Big Eight is quite right in criticizing the commercialization of cherished cultural traditions such as the Rodeo. Rodeo shows started as a form of entertainment and show of expertise among horse-owners. When it started, players’ skills were truly tested, for no two horses are the same and they have to adjust to the vagaries of each horse that they take on. Those who performed well were respected for their skillfulness among both peers and the general audience. As Big Eight understandably laments, in the early days of Rodeo, players performed for the sake of pride and not for earning money or gaining popularity.
But commercialization of the sport is not necessarily a bad outcome, for it has brought its reach to a wider audience through television broadcast and event-managed shows. The names of most accomplished Rodeo players would have remained anonymous had the sport been restricted to traditional gatherings. While it is true that businessmen got involved in Rodeo purely for profit motives, they also indirectly helped successful performers get rich and famous. This also applies to rustic/rural practitioners like Big Eight, who probably deserved to get more monetary reward for their expertise in riding a horse. The intrusion of commercial sponsors like Pepsi-Cola, Coca-Cola and Marlboro can be distracting, but it is a small price to pay for other benefits that commercialization brings.
Looking back at the history of American culture can be instructive for analyzing this conflict. Games of Native American cultural origins such as Rezball, Cherokee marbles and Lacrosse are also commercialized and modernized to an extent; and as a result these games continue to survive and attract interested audiences. These games are encouraged and preserved through collegiate championships across America, which would not have been possible without corporate sponsorship. Even in the case of Rodeo, which also has its roots in Native American tribal tradition, it is fair to say that its commercialization has significantly contributed to its preservation. With games such as Basketball, Baseball, Ice Hockey and Tennis gathering mass audiences, traditional sport such as Rodeo might have been relegated and marginalized to country festivals and competitions had it not been for corporate support.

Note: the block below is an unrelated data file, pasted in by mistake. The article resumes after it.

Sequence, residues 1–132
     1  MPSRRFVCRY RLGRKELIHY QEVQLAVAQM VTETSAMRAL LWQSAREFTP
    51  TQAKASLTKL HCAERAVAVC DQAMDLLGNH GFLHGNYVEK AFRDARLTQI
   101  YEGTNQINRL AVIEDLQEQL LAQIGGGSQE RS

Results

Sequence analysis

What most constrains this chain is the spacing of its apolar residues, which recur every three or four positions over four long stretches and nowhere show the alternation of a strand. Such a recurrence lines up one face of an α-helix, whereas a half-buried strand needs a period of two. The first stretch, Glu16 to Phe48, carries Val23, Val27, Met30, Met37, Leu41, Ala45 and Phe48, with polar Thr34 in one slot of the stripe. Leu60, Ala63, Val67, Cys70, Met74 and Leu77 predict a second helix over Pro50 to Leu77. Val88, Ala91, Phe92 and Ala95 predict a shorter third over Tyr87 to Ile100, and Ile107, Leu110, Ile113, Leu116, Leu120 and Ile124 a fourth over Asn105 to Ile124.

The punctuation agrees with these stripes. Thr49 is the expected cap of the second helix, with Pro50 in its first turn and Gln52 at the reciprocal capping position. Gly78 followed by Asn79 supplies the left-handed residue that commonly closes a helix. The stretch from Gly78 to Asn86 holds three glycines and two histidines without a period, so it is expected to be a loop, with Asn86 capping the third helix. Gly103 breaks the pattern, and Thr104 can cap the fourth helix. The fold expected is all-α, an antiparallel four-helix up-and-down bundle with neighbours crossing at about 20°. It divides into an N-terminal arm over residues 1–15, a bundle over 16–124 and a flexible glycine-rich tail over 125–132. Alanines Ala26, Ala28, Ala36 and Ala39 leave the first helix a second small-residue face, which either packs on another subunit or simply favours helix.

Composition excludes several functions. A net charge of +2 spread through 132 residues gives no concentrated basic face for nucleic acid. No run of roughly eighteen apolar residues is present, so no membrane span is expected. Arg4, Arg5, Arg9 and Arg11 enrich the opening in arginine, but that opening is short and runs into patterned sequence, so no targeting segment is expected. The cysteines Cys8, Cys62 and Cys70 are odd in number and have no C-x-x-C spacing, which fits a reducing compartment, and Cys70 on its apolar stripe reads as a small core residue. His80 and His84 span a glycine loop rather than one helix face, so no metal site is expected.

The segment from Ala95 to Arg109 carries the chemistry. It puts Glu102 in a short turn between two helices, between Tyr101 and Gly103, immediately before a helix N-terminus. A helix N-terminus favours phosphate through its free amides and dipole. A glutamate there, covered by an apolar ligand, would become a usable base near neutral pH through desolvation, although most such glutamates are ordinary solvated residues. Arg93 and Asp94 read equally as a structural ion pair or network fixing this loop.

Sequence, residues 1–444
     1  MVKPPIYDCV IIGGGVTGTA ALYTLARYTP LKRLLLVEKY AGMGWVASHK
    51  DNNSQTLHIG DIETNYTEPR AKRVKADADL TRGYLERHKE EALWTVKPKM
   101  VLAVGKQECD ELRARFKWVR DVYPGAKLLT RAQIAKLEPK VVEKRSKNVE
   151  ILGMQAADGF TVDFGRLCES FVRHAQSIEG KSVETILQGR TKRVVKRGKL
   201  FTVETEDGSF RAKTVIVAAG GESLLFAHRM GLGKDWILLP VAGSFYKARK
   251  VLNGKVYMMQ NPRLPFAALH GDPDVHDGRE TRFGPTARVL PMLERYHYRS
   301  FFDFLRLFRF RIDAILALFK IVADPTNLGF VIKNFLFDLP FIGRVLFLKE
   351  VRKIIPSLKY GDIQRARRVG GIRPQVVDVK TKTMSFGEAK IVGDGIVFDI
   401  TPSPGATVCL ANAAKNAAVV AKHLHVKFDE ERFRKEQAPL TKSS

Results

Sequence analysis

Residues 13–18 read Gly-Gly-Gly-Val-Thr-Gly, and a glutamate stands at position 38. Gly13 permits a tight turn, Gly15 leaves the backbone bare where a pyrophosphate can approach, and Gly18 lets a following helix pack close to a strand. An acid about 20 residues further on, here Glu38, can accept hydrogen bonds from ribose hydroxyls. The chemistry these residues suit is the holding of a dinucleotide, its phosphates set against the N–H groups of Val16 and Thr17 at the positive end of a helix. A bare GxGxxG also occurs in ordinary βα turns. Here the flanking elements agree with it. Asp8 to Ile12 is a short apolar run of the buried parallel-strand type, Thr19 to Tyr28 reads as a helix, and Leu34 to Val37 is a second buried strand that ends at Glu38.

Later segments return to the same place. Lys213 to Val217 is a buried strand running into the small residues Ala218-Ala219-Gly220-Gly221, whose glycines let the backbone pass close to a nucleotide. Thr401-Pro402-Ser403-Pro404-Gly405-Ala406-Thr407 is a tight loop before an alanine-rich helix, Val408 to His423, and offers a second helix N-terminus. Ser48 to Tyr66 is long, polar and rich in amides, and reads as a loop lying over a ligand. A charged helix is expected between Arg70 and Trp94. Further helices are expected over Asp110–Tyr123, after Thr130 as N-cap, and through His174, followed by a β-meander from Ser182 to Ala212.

While Big Eight’s concerns are born out of her genuine love for the sport, an endeavor to look at the broader picture is likely to change her views. Her worries about the lessening of standards (as in using a mechanized horse instead of a real one, thereby diminishing the element of unpredictability associated with a live animal) and add-on attractions (as in employing Minnie Mouse and Donald Duck giant replicas in the show arena) are legitimate, for they add up to dilute the cultural significance of Rodeo. But with other sports and television programs competing for audience attention, the present packaging can be tolerated as a necessary evil.
Hence, in conclusion, while Big Eight’s feelings of nostalgia for a traditional sport and her lamentations about its present commercialization are quite valid, there is probably a blessing in disguise. In other words, without commercialization, Rodeo might not have gotten the widespread recognition and following that it now gets. Also, while it was purely confined to the countryside previously, it’s commercialization is now encouraging many city-dwellers to take an active interest. As a consequence, the talent pool for Rodeo is increasing, indirectly improving the quality of performance.
Martin, Jane. ‘Rodeo’. Reading Literature and Writing Argument. 4th ed. James, Missy, and Alan P. Merickel. Pearson Education, Inc., 2011.